Acute otitis media (AOM) is among the most common pediatric diagnoses in the emergency department and occurs in approximately 80% of children. AOM most typically manifests as otalgia with ear tugging with a constellation of other nonspecific symptoms such as irritation, vomiting, or diarrhea. Diagnosis of AOM is performed via otoscopic findings in the correct clinical context with correlating patient history. Recurrent AOM is defined as three episodes of AOM within six months or four episodes within a year, and treatment guidelines are sparse and lacking. Pharmacologic interventions emphasized properly culturing the microbe to ensure adequate antibiotic coverage and mitigate formation of antibiotic resistance, while vaccinations with a pneumococcal conjugate vaccine did not lead to any meaningful reduction in rates of recurrent AOM. Surgical interventions investigated include tympanostomy tubes, Eustachian tube balloon dilation, and adenoidectomy, which all yielded statistically insignificant differences when compared to their controls. Currently, a tailored approach in treating children with recurrent AOM should be undertaken that balances the severity of illness with the consequences of antibiotics or surgery.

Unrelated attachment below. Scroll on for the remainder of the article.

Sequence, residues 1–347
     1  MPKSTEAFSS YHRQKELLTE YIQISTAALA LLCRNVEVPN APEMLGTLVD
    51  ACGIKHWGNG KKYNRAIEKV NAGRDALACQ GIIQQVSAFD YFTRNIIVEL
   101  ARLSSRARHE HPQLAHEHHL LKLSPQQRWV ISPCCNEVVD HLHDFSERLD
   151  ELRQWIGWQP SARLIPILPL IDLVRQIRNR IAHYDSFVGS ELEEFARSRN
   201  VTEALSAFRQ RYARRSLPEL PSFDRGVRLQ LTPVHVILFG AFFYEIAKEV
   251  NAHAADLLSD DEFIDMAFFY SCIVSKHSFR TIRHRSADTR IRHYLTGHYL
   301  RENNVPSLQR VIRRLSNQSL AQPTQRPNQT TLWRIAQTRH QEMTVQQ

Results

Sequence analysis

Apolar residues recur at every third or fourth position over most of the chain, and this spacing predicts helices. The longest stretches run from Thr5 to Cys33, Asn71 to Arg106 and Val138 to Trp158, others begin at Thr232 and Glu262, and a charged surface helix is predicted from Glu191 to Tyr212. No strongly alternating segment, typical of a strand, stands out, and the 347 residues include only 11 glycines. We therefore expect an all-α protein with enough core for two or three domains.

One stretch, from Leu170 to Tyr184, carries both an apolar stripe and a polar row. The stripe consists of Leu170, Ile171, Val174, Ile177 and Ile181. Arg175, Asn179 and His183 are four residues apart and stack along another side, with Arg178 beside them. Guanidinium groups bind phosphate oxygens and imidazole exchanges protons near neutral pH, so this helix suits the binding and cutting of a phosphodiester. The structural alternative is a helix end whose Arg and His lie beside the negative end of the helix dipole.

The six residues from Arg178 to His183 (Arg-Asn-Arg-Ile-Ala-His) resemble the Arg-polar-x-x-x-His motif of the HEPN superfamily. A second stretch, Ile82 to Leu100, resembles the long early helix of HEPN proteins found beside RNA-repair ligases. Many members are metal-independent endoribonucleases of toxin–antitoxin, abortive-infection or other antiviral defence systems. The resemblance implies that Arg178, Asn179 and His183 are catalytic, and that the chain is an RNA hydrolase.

Monayao, Marlon C., "Pharmacologic vs. Surgical Intervention in Recurrent Acute Otitis Media in Children; A Literature Review" (2023). MEDI 8127 Scholarly Activities Pre-Clerkship. 52.